Re: CJK tags - Fish or cut bait

From: Kenneth Whistler (
Date: Fri Jun 20 1997 - 19:37:29 EDT

Pete Resnick wrote:
> After Martin's message, I've decided it's high time to write this.
> I believe the Unicode Consortium needs to define some reserved characters
> for *script* tagging, at least for CJK. I believe that though true language
> tags have other purposes which may be useful, distinguishing CJK is the one
> important thing that is needed in international plain text, and ACAP could
> probably get away with just that.

First, I must say that this is the first more-or-less specific and
comprehensive engineering justification for language (or in this
case CJK script) tagging that I have seen posted in the last two
weeks on this topic. At last it is starting to make sense why there
is such an insistent claim that CJK tagging is required in ACAP. This
analysis of the Eudora requirements for supporting the Macintosh
script systems for CJK is quite clear.

> There is a simple engineering solution: Use reserved characters in Unicode
> as script tags. If these things were standardized, then I could just pass
> the string unimpeded to the Unicode converter and it would "do the right
> thing" when it did the conversion to script codes. In the absence of a
> standard way of doing this, I can use private use zone characters, and then
> when the Unicode converter says, "I don't know what to do with this
> character", I can simply say, "This one means prefer Japanese" and it will
> again "do the right thing".

This does seem both a simple and correct engineering solution to me.
A Macintosh WorldScript compatibility problem for CJK can be addressed
by 3 or 4 (?) Macintosh private use characters which retain the required
information for roundtrip conversions in Eudora.

> The purpose of Unicode was to give me a reasonable way to store and
> manipulate international plain text. Modern operating systems that don't
> use Unicode natively but do have international plain text are able to
> distinguish between CJK in order to provide input methods (among other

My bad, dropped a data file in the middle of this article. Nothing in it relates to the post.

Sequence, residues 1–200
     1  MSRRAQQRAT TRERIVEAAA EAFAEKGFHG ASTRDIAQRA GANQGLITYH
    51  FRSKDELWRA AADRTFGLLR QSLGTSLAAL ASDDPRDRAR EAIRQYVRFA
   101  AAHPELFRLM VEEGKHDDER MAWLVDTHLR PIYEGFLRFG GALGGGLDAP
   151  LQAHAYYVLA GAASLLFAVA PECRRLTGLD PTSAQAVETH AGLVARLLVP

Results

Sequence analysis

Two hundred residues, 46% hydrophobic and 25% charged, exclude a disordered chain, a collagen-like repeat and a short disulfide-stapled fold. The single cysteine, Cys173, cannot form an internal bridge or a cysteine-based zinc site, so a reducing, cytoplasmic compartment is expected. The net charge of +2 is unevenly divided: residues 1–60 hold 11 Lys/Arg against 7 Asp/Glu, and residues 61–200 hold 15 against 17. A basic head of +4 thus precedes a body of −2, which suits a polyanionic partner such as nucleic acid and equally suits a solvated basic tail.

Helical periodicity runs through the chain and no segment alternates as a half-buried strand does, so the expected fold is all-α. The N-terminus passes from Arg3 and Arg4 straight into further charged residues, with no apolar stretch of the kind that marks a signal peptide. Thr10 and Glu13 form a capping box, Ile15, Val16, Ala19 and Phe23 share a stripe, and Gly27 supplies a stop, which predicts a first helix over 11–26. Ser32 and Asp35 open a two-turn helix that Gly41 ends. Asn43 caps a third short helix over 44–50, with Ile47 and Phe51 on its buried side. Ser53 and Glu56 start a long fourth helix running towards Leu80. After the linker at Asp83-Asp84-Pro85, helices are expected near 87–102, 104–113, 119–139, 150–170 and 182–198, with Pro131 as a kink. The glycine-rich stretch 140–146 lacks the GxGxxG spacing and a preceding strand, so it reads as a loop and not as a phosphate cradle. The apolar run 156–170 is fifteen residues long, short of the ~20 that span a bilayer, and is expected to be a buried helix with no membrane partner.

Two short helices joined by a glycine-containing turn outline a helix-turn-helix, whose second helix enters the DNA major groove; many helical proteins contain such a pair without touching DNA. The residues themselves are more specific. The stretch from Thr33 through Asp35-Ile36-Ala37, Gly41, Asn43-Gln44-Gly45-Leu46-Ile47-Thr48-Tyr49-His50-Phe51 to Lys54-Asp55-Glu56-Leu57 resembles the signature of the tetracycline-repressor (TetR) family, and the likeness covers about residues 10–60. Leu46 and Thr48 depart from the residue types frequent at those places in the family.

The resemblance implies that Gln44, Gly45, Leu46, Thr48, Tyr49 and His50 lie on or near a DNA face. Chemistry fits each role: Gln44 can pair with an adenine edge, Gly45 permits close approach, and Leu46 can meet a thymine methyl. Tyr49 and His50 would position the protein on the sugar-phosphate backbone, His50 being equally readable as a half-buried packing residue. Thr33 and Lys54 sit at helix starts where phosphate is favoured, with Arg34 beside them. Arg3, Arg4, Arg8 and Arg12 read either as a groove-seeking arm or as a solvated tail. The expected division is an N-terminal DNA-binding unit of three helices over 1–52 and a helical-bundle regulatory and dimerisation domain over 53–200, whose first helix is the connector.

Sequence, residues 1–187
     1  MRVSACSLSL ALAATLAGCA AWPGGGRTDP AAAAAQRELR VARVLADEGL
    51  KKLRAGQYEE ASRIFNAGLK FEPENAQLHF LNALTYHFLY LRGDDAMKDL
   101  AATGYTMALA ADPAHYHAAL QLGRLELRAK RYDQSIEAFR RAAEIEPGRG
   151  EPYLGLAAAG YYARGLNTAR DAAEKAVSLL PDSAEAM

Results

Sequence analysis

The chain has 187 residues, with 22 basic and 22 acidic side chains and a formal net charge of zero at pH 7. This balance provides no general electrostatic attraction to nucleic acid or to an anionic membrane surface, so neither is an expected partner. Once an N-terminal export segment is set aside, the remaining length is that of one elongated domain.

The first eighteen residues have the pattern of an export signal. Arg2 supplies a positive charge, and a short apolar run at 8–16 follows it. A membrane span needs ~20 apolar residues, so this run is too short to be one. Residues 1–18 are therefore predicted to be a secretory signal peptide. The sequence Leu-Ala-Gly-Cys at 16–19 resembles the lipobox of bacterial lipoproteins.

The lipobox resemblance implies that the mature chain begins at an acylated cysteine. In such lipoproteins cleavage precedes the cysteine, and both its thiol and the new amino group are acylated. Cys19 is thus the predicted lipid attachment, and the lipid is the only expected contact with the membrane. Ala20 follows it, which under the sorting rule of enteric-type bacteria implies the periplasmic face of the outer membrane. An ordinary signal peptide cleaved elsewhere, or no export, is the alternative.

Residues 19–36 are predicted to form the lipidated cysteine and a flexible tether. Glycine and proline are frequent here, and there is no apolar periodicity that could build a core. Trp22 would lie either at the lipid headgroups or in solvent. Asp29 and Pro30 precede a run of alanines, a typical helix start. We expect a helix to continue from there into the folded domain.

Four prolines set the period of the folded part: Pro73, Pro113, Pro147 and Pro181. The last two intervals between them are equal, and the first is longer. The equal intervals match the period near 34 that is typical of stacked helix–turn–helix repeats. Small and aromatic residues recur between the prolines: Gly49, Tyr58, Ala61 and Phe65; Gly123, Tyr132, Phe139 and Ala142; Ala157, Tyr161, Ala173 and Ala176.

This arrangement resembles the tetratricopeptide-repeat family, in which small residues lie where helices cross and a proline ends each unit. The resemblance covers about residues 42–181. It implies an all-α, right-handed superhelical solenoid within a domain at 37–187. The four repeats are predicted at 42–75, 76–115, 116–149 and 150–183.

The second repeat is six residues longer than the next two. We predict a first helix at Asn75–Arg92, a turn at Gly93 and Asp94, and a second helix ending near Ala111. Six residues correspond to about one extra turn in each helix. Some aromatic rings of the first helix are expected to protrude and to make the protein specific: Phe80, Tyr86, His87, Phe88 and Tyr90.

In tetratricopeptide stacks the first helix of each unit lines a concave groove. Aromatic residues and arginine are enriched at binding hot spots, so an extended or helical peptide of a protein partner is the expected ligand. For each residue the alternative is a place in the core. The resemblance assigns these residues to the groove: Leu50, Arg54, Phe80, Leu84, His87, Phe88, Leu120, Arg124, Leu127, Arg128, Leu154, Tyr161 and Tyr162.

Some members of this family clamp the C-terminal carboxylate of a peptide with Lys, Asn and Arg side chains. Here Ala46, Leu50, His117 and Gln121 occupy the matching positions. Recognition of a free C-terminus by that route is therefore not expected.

> functionality). The failure of Unicode to be able to distinguish CJK means
> that I *must* use some non-standard method to use Unicode as international
> plain text.

This last statement could just as well be reworded:

   The architecture of the Macintosh WordScript support for CJK means
   that I *must* use some non-standard method to use Unicode as international
   plain text.

The right way to approach this in the Unicode Consortium (as an industry
consortium, after all), is for Apple to bring in a clearly stated
implementation requirement for these 3 or 4 (?) additional codes. John Jenkins
has already proposed something of the sort in UTC, for just this problem.
If Apple can then convince the rest of the industry, as represented in
the Consortium, that the problem these corporate user-defined characters
are addressing is widespread and common enough (and commensurate for each
participant) to justify giving standard codes to them, then UTC would vote
for them and work with WG2 to see they got into 10646. If Apple cannot
convince the rest of the industry, then they should stay private-use
codes, since they would them seem to be serving a particular manufacturer's
implementation, and there would be no agreement about their need for

> It's time to fish or cut bait. Either define some tags to disambiguate CJK
> in Unicode or I'm going to do it for you: I'm going to implement it in my
> code using some (non-interoperable) characters in the private use zone, and
> probably convince the ACAP people to do what I do, and then you're going to
> be stuck supporting these characters anyway.

You'll run into a rock wall of opposition from both the Unicode Consortium
and ISO if you pick some private-use characters and then try to force their
standardization, contrary to anybody else's use of private-use characters.
The ACAP people have also expressed a sharp disinterest in making use of
private-use characters for language tagging in the ACAP protocol, precisely
because of the interoperability and standardization problems.

There is, however, a middle way through this dilemma.

If the UTC accepts a low-impact means of conveying tagging in plain text
(such as the Plane 14 proposal), that will probably meet the ACAP
stated requirements for language (or other) tagging.

The Plane 14 proposal could be implemented directly to solve your
problem for CJK script tags in Eudora, but the length of the tags
might not be ideal for the kinds of fields you are talking about (e.g.
tagging all the Subject fields). In that case, you'd still be better
off implementing with a user-defined character. Then when the Macintosh
edit fields meet the ACAP protocol, you put in a trivial piece of
conversion code that converts your private tag to the form specified
for the ACAP (or other Internet protocol). Basically, it would convert:

   <Mac Script Japan Pref Tag Char> <==> <IETF Lang Start><J><A><-><J><P>

Where the ACAP tag is entirely expressed in Plane 14 characters set aside
for such tags. (U-000E0000..U-000E007F)

This gets ACAP a language tagging scheme. It gets Unicode a generic tagging
scheme with easily ignorable syntax for processes that don't want to see
tagging. And it lets you have your cake and eat it to for the Eudora
internationalization work.


> Something needs to be done. It would be much better if the Consortium chose
> the codepoints to use rather than leave it to my whims.
> pr
> --
> Pete Resnick <>
> QUALCOMM Incorporated
> Work: (217)337-6377 / Fax: (217)337-1980

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